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Thursday, March 4th, 2010 AT 7:05 PM

5 Replies

Tiny
MERLIN2021
  • EXPERT
First, you are long winded! Ford techs are right, ALL four tires and rims MUST be the same. Tire will not fall off with loose caliper bolts, you would hear grinding and feel grabbing. Loose lug nuts, and maybe loose wheel bearings can cause the tire to fall off, and maybe damage 4X4 system. To aid in the tranny issues, it would be helpful to know what the tranny shop did for three months?
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Saturday, March 6th, 2010 AT 5:34 PM
Tiny
DERPIERCE
  • MEMBER
. Probably overly through. I would have assumed the same about the wheel falling off (regarding lug nuts or bearings) & there was a lot of grinding and grabbing before that happened but after he inspected the incident; that's what the Sears manager told me after he drove over & had it towed. Would there be any hidden benefit for them in saying that rather than just admitting they forgot to tighten the lug nuts? After all, they did admit fault. When that happened the wheel rim was completely separated from the axle & the tire was mangled & deflated and separated from the rim almost as though as it had been dragged.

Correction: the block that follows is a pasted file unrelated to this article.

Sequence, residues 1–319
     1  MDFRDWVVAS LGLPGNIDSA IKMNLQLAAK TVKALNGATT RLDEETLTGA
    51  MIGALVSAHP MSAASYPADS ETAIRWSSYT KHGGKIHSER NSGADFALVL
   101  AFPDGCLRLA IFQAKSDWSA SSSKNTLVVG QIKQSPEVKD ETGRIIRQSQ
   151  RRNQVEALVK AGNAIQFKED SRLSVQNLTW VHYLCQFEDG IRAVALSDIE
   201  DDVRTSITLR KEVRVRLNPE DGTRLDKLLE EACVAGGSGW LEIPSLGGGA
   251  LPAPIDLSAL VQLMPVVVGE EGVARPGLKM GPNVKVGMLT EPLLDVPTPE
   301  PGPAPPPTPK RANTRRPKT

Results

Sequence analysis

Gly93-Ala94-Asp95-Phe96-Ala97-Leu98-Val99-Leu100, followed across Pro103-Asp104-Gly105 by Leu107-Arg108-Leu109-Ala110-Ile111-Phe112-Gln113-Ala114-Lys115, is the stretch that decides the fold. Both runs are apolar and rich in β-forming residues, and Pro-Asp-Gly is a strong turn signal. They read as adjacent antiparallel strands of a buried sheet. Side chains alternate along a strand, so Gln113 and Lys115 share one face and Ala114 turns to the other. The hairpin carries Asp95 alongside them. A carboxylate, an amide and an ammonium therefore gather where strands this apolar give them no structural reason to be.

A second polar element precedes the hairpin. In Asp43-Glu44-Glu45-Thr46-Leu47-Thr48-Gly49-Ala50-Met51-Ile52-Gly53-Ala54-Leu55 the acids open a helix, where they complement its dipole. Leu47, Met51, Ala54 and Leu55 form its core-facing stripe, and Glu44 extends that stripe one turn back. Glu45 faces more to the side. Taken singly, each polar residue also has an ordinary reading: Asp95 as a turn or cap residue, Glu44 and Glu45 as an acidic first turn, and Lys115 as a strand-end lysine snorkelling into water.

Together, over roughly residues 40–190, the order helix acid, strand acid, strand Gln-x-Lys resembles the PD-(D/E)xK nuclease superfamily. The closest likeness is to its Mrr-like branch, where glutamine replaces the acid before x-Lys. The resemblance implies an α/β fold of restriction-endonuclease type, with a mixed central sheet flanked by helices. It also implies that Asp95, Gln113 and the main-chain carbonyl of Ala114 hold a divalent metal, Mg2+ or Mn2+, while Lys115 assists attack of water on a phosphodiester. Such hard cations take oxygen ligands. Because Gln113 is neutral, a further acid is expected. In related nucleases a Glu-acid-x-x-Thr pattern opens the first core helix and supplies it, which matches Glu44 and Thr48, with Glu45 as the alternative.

I went back and pulled my receipt for the transmission work and it says: Parts: 1 Transfer Case Rebuild Kit; 1 Drive Chain; & 1 Transfilter Kit + Fluid. Under Work it says: Complete Rebuild 4X4 Transfer Case; Service Transmission.
I hope this additional information helps and thank you again in advance for your assistance.
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Sunday, March 7th, 2010 AT 9:21 PM
Tiny
MERLIN2021
  • EXPERT
It means only the transfer case was rebuilt, the tranny itself only got new filter and fluid changed. The wheel could have locked up due to the caliper, but the onloy way the wheel fell off is if the lug nuts snaped off because of it.
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Monday, March 8th, 2010 AT 2:43 AM
Tiny
DERPIERCE
  • MEMBER
So would removing & replacing the caliper been a routine procedure required while replacing the control arms (which was the initial maintenance that was to be done)? & If so, could the wheel locking up and falling off have caused the damage in the transfer case and chain? Remembering, I never had any problems with the transfer case & chain until that happened. Thanks again for your advice.
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Monday, March 8th, 2010 AT 5:13 PM
Tiny
MERLIN2021
  • EXPERT
To replace the control arm, ALL parts at the wheel are removed, including the rotors, and hub bearings, if they didnt install the bearing correctly, damage may have occured to your 4x4 system.
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Tuesday, March 9th, 2010 AT 1:59 PM